Greater amberjack (Seriola dumerili) are long, heavy-bodied fish. They are one of numerous members of the jack family. They are close cousins to lesser amberjacks and banded rudderfish. Greater amberjacks are commonly called simply “amberjacks.”
These fish vary widely in color depending on their surroundings. Their backs are usually bluish-brown to dark olive and their sides are often silvery white with a wide amber-colored stripe running down each side from head to tail.
Many members of the jack family look very similar. One feature that sets the amberjack apart is a dark band extending from the mouth, through the eye, and to the front of the dorsal fin. Their tails are more crescent-shaped than forked.
Amberjacks can grow to more than 150 pounds, but are more commonly caught by anglers in the 20- to 40-pound range. Most catches of amberjack are incidental catches by anglers targeting snapper and grouper while bottom fishing with cut bait.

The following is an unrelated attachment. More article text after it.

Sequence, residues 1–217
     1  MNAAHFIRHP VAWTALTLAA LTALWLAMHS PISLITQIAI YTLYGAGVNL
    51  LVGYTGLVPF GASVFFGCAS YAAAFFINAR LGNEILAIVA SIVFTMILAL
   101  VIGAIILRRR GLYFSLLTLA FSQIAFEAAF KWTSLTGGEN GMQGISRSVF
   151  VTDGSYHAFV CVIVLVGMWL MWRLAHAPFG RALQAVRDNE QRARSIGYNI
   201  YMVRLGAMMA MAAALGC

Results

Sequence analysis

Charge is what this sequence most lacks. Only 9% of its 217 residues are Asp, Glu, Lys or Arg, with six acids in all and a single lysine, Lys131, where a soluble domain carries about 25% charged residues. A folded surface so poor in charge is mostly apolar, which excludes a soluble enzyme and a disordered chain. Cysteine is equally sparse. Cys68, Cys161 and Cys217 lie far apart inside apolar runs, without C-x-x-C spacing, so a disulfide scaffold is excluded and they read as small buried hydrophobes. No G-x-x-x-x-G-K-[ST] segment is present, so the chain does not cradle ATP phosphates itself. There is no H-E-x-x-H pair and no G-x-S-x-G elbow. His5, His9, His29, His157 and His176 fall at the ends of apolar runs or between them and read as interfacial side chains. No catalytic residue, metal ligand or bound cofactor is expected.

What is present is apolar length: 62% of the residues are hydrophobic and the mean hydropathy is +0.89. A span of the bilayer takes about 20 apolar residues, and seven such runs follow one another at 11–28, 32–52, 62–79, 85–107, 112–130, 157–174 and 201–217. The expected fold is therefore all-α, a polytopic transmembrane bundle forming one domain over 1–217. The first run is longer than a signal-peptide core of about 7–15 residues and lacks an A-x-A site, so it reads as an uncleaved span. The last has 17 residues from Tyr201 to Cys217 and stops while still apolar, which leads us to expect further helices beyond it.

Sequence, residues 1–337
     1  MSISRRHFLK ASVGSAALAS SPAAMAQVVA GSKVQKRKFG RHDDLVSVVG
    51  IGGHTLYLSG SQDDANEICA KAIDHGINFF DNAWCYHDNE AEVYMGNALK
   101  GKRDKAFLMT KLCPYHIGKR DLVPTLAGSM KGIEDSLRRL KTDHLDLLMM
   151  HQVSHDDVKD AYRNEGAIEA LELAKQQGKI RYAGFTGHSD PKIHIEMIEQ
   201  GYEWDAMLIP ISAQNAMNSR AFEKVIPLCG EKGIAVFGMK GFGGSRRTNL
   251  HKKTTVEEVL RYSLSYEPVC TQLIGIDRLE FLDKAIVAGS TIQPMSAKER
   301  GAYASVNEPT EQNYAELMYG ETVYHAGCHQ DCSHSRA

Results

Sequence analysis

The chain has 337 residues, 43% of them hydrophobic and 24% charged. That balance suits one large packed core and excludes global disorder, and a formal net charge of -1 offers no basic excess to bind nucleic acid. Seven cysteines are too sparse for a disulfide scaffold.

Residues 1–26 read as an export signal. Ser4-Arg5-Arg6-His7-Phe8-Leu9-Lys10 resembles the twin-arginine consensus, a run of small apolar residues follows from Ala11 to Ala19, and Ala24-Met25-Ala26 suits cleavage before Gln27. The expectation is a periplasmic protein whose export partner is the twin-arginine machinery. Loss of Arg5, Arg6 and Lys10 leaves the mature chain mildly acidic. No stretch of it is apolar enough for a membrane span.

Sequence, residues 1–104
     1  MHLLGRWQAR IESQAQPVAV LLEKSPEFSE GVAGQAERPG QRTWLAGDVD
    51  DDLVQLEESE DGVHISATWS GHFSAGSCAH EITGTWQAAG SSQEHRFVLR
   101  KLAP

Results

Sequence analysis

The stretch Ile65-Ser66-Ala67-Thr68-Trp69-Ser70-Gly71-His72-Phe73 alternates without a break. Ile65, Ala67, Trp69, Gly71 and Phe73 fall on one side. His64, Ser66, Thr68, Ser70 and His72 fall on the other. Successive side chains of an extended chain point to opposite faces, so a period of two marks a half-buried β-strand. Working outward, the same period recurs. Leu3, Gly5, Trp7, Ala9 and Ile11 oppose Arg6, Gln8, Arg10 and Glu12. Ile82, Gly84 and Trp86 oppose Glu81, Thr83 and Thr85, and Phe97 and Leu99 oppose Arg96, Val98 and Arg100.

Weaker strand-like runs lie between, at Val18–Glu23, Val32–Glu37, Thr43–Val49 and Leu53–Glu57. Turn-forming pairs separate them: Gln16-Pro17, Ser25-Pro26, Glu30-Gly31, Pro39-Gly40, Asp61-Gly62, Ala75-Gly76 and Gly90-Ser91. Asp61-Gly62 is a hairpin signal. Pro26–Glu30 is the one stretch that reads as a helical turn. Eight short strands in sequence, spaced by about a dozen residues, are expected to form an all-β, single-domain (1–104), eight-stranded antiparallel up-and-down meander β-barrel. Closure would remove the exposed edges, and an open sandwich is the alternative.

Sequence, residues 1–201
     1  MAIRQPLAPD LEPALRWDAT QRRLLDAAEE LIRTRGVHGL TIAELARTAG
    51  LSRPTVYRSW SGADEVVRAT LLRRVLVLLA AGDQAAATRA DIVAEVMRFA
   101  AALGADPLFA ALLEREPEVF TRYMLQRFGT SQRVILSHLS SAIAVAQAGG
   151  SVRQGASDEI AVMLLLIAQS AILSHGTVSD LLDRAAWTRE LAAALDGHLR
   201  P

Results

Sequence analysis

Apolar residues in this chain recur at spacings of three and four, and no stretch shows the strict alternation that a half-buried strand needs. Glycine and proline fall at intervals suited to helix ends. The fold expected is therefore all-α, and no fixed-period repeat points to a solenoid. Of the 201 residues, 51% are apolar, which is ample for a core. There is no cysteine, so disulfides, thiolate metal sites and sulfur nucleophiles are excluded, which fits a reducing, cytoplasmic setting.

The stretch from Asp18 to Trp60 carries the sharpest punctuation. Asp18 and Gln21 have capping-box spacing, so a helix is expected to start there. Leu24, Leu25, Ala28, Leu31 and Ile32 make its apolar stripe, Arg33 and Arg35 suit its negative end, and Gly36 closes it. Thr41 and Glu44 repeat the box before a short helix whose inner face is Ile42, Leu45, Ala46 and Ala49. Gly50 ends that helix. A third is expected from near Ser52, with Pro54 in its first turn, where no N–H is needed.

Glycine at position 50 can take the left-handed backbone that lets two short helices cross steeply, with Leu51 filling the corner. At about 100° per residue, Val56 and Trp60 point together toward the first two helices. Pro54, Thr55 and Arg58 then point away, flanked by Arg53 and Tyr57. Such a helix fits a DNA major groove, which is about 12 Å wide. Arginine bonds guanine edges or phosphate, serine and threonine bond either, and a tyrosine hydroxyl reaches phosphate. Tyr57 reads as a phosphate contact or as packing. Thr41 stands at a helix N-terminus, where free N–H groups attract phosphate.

These fish are found throughout the world in subtropical and temperate waters. Those caught by American anglers range from off the coast of New England to the Gulf of Mexico. They are typically found around natural and artificial reefs and wrecks. Offshore oil platforms are also common areas to find them.
World record amberjack weighed 163+ pounds
Their diets consist mainly of smaller fish, crabs and squid. They are one of the few fish that rarely eat shrimp, even when large populations are present. They spawn in large groups in the late spring/early summer and don’t travel far to spawn.
Nicknames for amberjack include reef donkey, donkey fish, amber donkey, wreck donkey, amber fish, AJ and big jack.
Amberjacks are the most sought after members of the jack family and are known for striking fast, fighting hard, and going on long, drag-pulling runs. In some parts of the world, they are known as carriers for various species of tapeworms. Many anglers shy away from eating them because of this, but plenty of anglers do eat them.
Don Wheeler caught the Mississippi state record, a 126-pound fish, in March 2014 at Horseshoe Rigs.
The world record weighed 163 pounds, 2 ounces and was caught out of Zenisu, Tokyo, Japan by Tadashi Yamanaka in June 2015.